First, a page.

Still, Nagelsmann exceeded expectations in his first season at the Red Bull Arena, with a third-place finish and run to the Champions League semi-finals more than the club’s hierarchy could have anticipated. The curious decision to announce Nagelsmann’s appointment a year in advance could have backfired, so it is a testament to the 33-year-old’s coaching ability that he was able to hit the ground running upon assuming control.
While some questioned the method of his appointment – Nagelsmann agreed on a deal in 2018 but remained at Hoffenheim for 12 more months – no one doubted whether Leipzig had got the right man. It was widely recognized that the German had done a magnificent job at Hoffenheim, who had made competing for the European qualification spots a habit under his tutelage. In fact, some opined that Leipzig had pulled off a coup in snaring a man who has been linked with Bayern Munich, Real Madrid and other heavyweights over the last few years.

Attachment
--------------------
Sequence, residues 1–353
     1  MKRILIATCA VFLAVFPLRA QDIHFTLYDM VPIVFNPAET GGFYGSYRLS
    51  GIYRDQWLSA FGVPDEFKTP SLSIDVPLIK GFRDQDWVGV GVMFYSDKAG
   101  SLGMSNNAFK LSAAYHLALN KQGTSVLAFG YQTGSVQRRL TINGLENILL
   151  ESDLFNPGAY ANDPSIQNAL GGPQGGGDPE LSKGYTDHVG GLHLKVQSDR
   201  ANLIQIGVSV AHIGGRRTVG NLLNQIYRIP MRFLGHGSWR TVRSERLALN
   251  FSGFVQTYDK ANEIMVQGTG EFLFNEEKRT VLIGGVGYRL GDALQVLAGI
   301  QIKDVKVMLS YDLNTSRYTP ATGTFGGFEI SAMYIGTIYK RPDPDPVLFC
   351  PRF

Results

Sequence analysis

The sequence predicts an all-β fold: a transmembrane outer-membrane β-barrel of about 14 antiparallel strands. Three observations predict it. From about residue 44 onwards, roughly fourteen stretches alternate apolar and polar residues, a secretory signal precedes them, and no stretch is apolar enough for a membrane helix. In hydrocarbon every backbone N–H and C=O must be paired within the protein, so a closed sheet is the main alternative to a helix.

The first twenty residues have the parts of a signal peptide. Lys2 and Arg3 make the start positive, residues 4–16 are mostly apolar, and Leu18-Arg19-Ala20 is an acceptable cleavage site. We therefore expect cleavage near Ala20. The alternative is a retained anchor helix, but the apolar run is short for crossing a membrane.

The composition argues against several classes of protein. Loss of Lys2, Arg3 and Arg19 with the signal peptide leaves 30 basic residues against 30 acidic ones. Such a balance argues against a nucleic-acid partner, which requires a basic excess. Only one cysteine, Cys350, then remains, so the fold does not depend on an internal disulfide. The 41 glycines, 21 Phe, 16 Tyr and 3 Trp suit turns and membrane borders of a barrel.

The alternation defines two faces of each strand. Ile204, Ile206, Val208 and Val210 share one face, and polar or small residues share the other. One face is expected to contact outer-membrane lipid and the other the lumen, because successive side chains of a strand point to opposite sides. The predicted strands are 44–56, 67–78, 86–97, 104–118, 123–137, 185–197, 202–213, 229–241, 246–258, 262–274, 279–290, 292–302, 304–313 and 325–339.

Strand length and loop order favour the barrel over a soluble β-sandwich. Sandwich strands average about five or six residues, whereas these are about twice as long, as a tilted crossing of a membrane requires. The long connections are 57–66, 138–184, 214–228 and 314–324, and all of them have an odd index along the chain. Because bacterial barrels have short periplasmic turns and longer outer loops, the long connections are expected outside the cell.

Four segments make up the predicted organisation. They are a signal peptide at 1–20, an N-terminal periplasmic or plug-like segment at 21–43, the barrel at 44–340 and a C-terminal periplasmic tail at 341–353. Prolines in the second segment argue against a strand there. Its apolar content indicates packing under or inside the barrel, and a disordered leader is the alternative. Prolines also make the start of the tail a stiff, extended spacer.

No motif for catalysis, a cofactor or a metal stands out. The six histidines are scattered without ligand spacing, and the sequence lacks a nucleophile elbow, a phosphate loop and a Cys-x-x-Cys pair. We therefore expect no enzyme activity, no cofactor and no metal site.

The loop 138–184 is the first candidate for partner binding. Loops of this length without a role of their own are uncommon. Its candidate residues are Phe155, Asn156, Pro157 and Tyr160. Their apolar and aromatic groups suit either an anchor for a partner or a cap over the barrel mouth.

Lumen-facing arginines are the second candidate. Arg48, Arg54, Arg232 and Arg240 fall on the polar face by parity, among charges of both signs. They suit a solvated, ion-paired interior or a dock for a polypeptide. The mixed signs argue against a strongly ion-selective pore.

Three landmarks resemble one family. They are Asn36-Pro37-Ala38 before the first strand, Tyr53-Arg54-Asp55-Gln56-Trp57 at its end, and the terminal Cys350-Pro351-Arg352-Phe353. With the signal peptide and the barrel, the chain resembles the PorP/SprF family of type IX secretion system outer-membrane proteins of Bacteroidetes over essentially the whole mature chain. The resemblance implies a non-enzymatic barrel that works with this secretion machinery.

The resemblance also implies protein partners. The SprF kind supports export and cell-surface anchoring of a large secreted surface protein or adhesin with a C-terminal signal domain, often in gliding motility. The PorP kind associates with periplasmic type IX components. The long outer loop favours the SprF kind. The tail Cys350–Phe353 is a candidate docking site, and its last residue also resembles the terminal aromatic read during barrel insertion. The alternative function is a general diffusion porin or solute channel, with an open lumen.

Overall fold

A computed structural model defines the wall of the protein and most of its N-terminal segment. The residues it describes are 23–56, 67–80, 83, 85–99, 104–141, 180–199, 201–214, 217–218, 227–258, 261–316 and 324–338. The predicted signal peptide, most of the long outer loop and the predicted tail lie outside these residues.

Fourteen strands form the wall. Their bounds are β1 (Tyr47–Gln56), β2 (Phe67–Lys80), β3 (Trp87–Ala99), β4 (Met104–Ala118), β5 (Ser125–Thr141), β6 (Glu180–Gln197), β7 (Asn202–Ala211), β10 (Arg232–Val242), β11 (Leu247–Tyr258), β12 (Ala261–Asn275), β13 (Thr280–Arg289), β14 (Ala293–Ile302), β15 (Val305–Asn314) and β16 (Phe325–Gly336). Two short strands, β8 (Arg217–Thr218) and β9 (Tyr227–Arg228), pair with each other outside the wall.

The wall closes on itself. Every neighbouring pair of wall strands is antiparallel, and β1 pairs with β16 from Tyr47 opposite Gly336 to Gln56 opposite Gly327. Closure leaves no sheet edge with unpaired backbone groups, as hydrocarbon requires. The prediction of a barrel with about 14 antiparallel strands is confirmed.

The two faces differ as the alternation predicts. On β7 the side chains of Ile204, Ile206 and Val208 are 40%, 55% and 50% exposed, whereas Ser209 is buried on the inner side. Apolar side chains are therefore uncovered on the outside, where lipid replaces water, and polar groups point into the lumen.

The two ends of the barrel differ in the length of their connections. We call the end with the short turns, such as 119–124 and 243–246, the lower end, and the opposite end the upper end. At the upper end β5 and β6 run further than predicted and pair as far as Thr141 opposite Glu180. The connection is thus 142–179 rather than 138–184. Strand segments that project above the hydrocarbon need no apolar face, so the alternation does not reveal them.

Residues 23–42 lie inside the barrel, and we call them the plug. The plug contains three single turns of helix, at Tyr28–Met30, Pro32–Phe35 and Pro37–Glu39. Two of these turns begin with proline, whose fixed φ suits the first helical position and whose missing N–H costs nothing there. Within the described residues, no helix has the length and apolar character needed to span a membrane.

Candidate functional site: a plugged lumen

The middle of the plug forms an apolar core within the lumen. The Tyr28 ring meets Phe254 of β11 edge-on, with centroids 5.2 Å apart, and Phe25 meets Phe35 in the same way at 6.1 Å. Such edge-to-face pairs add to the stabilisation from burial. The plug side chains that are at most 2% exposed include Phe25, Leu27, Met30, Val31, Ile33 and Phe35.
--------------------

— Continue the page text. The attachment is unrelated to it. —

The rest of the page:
Nagelsmann spent his youth career with Augsburg and 1860 Munich, but an injury forced him to retire as a teenager. Thomas Tuchel, the PSG boss who faced his former protégé in the Champions League semi-finals in July, encouraged him to go into coaching, and he duly took up a position with 1860 Munich’s Under-17 side. His impressive work there earned him a job in Hoffenheim’s academy, and eventually, he was promoted to take charge of the Under-19s at the Rhein-Neckar-Arena.
In 2015 he got the biggest job of all. Installing a 28-year-old as head coach was a major gamble that could easily have backfired. And despite his tender years, Nagelsmann was thrown in at the deep end: initially set to take charge at the start of the 2016/17 season, his tenure was brought forward when Huub Stevens was forced to resign due to health problems. Nagelsmann steered the club clear of relegation trouble in his first few months at the helm, before qualifying Hoffenheim for the Champions League for the first time in their history in 2016/17.